Unsurprisingly, Asian carriers dominate the rankings of poorest performers. Several factors have impacted the airlines; the continued closure of China is a major issue for Korean Air and their Incheon hub operation. The challenges faced by Air Asia are also well documented.
Perhaps more surprising, is the range of European carriers in the list, with some major legacy carriers still at least 25% away from their pre-pandemic capacity levels. Realistically, any further recovery in these capacity shortfalls is unlikely to occur before April 2023, when airlines will have navigated the winter season and additional resources will have been found.
Airlines have been under the spotlight to adjust capacity for the rest of the summer to reflect available resources. This is the case not just across the airlines, but also at airports, who sought to reintroduce slot rules, but failed to recruit staff to operate at those levels. In Terminal 2 at London Heathrow last Friday, passengers were arriving at 04:30 for flights at 07:30, and waited over two hours to pass through security, even though the aircraft, crew, and slots were all available. There is increasing frustration between airlines and airports, with airlines having to absorb the costs of such delays for issues outside of their control and still pay the airport more for the service provided.
Capacity Cutbacks - How the Big Four in Europe Now Look
Since all carriers to the UK have now updated their schedules in light of their available resources for the rest of the summer, we have looked back at four major carriers and how their capacity has been adjusted in recent weeks, for a full week of operations in early August across Western Europe. The data shows planned capacity at the beginning of the summer season in late March, adjustments made by the first week of June and then the latest numbers filed over the weekend. Over 10% of capacity has been cut by these carriers, with British Airways leading the list with a near-one-in-five capacity cut across their short-haul network - the revenue impact must be staggering for what is a peak week of demand.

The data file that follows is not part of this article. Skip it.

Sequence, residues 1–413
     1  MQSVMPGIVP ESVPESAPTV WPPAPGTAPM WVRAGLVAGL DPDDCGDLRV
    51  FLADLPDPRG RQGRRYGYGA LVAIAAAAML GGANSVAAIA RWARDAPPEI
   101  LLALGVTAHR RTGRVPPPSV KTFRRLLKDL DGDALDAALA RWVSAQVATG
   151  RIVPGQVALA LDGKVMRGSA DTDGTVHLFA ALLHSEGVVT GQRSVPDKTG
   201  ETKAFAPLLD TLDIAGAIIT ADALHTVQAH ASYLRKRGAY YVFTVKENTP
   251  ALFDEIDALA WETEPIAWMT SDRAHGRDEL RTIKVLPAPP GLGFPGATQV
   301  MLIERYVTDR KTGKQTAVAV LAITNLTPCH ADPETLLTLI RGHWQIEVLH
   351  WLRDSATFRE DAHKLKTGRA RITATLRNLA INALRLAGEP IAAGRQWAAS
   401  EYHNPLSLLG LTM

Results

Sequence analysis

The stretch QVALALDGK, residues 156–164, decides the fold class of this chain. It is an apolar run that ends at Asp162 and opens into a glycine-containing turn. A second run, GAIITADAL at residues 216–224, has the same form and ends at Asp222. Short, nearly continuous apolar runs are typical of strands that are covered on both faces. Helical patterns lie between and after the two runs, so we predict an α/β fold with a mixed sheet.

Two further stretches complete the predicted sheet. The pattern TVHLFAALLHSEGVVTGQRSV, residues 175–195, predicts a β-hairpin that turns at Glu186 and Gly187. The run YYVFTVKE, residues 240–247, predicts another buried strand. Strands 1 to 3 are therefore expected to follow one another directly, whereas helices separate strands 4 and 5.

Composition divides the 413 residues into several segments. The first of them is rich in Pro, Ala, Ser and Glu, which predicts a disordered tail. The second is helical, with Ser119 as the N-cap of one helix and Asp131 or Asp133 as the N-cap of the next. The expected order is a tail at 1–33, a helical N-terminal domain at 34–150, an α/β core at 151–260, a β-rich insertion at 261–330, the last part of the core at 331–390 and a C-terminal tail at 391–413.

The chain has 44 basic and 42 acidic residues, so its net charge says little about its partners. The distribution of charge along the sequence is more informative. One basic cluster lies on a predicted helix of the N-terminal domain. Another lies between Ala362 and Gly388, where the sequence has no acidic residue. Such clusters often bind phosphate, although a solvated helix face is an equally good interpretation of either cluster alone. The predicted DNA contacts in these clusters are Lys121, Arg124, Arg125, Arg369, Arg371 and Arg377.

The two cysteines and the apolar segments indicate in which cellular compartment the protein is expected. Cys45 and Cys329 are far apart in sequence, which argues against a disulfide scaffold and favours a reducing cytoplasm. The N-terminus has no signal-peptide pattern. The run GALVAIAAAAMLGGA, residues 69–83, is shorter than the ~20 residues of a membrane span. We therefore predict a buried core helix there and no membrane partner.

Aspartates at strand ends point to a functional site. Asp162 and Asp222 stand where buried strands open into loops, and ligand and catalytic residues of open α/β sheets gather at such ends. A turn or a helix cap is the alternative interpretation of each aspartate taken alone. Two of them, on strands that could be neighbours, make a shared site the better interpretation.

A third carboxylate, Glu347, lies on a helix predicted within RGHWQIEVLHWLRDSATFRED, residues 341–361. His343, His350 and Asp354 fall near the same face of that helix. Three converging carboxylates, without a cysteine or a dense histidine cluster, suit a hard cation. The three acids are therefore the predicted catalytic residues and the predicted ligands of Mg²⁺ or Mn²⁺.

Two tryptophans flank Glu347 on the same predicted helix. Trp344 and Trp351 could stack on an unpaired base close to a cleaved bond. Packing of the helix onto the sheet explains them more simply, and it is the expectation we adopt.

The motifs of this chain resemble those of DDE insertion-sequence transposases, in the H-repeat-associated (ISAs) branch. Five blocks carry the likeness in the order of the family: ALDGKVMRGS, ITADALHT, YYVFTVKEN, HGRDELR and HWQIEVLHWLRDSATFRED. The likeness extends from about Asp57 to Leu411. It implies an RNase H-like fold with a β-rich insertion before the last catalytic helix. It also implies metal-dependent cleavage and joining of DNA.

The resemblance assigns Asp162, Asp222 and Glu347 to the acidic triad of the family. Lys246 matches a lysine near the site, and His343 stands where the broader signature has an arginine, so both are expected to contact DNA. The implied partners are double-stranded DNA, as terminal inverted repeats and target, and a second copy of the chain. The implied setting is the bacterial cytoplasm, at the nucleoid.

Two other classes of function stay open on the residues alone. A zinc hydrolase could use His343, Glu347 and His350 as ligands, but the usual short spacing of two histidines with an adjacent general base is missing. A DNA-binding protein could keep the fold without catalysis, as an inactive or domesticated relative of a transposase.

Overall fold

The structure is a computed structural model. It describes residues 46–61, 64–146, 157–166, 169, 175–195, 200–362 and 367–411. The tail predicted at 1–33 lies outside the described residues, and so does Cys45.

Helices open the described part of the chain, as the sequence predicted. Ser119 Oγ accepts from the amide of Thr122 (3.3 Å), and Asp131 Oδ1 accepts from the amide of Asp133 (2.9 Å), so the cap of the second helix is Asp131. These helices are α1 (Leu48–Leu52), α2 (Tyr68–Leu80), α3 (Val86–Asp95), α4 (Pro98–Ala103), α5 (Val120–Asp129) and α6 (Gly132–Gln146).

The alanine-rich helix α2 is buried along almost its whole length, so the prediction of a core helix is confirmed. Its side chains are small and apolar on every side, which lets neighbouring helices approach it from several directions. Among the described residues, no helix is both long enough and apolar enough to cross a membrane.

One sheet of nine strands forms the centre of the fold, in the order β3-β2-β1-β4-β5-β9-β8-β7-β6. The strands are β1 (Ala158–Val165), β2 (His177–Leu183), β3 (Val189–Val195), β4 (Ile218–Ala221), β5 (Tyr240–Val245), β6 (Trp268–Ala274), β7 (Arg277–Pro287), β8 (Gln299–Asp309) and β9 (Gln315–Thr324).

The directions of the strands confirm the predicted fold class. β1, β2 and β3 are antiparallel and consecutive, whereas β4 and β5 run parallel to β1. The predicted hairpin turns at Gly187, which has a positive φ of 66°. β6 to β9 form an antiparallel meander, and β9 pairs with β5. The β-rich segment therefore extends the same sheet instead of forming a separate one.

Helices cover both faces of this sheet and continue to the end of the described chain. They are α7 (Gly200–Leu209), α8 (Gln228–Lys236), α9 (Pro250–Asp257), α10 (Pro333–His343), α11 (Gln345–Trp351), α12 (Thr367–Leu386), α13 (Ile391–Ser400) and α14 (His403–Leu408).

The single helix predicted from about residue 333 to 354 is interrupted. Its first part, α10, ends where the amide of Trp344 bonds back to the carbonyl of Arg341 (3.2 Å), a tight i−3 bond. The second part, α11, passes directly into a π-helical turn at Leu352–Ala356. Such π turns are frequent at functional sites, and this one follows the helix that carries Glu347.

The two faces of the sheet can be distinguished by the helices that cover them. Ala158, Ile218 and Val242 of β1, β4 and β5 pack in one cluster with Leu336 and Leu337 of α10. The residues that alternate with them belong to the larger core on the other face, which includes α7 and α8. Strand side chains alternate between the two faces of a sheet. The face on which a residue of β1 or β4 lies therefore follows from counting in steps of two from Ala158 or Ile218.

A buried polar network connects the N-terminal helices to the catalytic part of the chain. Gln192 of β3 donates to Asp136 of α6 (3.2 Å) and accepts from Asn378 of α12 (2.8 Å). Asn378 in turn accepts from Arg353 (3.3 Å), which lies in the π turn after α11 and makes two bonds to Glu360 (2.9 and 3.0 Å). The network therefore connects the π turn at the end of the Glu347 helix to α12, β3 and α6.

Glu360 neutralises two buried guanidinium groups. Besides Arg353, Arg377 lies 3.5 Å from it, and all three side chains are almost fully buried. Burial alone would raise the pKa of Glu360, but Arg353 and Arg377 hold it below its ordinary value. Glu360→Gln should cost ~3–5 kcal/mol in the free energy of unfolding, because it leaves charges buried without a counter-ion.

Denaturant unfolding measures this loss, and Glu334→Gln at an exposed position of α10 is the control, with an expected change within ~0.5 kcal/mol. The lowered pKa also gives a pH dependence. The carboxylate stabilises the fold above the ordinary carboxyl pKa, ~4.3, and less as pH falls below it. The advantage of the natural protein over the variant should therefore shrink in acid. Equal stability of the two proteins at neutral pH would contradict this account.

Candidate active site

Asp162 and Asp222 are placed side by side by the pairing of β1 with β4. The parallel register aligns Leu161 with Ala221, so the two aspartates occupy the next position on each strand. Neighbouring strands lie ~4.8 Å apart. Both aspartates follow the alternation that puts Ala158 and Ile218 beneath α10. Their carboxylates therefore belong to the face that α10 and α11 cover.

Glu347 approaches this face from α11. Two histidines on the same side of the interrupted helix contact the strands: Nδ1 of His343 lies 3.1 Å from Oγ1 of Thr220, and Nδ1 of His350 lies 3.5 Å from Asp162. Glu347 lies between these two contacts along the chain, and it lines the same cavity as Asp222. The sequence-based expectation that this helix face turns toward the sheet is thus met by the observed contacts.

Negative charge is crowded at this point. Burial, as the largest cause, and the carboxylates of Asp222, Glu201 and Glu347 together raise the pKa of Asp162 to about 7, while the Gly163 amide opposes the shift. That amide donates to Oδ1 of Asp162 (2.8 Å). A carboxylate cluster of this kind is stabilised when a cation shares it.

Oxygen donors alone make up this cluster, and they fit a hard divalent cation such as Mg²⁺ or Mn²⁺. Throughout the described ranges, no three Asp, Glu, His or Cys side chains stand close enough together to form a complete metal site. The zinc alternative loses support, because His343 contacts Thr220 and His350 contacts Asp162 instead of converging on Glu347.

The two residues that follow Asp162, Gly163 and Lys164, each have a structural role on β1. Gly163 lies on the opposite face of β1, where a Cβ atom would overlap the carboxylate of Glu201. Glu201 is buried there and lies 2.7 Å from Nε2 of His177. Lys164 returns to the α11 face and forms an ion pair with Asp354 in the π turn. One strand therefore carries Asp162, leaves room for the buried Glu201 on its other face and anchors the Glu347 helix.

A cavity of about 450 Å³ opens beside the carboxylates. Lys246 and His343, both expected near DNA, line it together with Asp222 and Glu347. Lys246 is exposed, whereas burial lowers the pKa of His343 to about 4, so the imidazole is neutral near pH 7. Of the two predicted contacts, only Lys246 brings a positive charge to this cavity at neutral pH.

W/C 1st August 2022 Capacity Cuts By Selected Airlines
Fewer Flight Cancellations
Finally, and almost inevitably, flight cancellations. The latest flight data seems to indicate that there were fewer cancelations in most European markets last week. The percentage of flights cancelled in the UK is back to near normal rates, with many other major markets also dipping to nearer normal levels. If we continue with these rates through the rest of the summer, then perhaps the actions taken by airlines will have worked, but as always only time will tell.
For many major airlines, this week will see preparations for brief appearances at Farnborough where they announce their latest orders- the accountants of Boeing and Airbus smile and the production line wonders how on earth and when they will build those orders! Although the summer isn’t quite turning out to be the best ever for airlines, confidence is returning and aircraft orders always reflect that confidence. But with China already announcing a huge order last week for Airbus, any ideas what the Boeing response will be next week?
Stay safe everyone.